I was in Hudson, WI and Stillwater, MN on Saturday, enjoying two very different forms of art on a rainy, drizzly day.
Susan Armington is the curator of the just ended exhibit “Shedding Light” at The Phipps Center for the Arts in Hudson. (I know, I know. Why didn’t I go to the opening in May so that I could have clued you in? Timing’s everything.) Ms Armington is also a WARM member and mentor so she offered to host our monthly WARM Coffee and talk about the exhibit.
Even though I’ve always thought of myself as an artist, I often don’t understand art. Does that make any sense? I need to have some context, especially for abstract art, and finding out what the artist intended or what their life was like helps me appreciate what I see. That’s why I love books and movies about all types of artists. They have such different experiences and responses to the world.
So the opportunity, once a month, to hear an artist speak about her work is a hugely compelling reason to get me out of my chair and into lots of galleries, both big and small, traditional, corporate, coffeehouse, whatever.
Ms Armington wanted to pull together artists who approached art from a scientific lens. Or science with an artistic edge. There’s an intelligent, thoughtful essay about the exhibit called “Edge of Reason” written by Christina Schmid, one of three managing editors at Quodlibetica, a visual and literary tour de force online magazine about the arts. She better explores the juxtaposition of art and science in this exhibit and, as a bonus, has great images of many of the artworks.
If you have the time and energy, watch the YouTube video “Shedding Light” of the installation and grand opening of the exhibit. It’s really the only way to get a sense of Jantje Visscher’s work, as her clear plastic mylar strips don’t translate well to 2D photographs.
I was disappointed the video didn’t follow the tape timeline Ms Armington had created that connected all of the galleries, starting at the Atrium and continuing along the floors and walls of galleries One, Two and Three, ending with a graphic representation of an oil rig, also created out of black tape. The timeline began with representations of protozoa, then a number of colorful, other-worldly paintings of plankton. If you have any doubts about how beautiful plankton can be, you can take a peek at The Census of Marine Zooplankton website. Some are simply stunning.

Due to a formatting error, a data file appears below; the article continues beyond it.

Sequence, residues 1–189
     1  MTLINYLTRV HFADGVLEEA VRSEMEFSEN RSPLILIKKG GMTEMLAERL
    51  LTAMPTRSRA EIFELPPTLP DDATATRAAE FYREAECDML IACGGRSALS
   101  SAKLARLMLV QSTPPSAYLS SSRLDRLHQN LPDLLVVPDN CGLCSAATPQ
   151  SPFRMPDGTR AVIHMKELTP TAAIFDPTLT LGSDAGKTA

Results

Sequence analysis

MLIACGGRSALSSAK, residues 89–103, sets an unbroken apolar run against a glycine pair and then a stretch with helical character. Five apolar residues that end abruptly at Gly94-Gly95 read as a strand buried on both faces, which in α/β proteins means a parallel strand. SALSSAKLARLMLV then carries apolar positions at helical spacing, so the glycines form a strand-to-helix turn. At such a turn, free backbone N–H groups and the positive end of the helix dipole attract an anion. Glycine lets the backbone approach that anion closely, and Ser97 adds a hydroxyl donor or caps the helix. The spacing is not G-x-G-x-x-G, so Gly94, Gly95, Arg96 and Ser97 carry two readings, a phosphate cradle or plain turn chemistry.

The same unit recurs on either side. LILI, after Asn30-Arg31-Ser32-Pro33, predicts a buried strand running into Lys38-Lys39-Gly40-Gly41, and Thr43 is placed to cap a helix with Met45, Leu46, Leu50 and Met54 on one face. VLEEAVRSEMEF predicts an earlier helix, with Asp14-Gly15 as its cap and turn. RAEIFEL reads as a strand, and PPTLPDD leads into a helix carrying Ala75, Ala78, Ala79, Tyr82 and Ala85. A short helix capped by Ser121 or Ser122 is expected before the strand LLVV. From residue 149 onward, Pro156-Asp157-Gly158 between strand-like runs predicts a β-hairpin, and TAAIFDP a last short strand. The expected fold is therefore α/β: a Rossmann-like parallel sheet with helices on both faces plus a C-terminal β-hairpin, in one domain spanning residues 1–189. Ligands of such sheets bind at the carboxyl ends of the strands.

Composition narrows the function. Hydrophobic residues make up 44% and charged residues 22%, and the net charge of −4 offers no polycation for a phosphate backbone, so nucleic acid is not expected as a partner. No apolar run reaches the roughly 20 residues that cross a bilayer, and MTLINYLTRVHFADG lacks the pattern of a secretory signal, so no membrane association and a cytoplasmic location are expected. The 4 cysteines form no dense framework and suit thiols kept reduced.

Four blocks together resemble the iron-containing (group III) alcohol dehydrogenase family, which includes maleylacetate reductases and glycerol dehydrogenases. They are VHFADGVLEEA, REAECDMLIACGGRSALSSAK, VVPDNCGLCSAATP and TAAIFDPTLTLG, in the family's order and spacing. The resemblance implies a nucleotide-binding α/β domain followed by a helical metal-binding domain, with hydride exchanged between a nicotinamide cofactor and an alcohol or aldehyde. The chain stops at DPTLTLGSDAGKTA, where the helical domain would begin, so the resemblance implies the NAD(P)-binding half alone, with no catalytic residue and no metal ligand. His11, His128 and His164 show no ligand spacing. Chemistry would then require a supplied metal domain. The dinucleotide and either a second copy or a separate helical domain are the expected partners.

After the Phipps, I went to Stillwater to Big Pink, home of an ardent community theatre activist, Jon Skaalen, and longtime friend. (We’ve known each other 25 years now!) Mr Skaalen was once again hosting an afternoon of entertainment, this time to raise funds for the upcoming MACT FAST Fest, a short play festival, held in Alexandria, MN on June 19. I’ve been to his home for a piano recital from an exciting young artist from the country of Georgia (near Turkey) and for an outdoor play on the hillside. He’s the quintessential host, affable, intelligent, generous. He always provides an impressive spread of food and beverages and, more importantly, a wide variety of fascinating performers.
I enjoyed the performances by the actors, especially the original short play “Ring Dem Bells,” with the surprise ending and “Tea Party,” that seemed to skewer a popular politician (M. Babababa = M. Bachman?) in an Oprah-inspired interview. Many guests discovered the masseuse who volunteered for the event and whose tips helped swell the donation coffers.
I must say, if you ever get an invitation from Mr Skaalen for any party at Big Pink, you should go! You’ll have a lovely time, get to experience a real Prairie Style home and meet amazing people who live and breathe their art. If you love community theatre, become involved in MACT. It’s a great way to network and to find the auditions you’ve been secretly craving.
Until next time! –Chris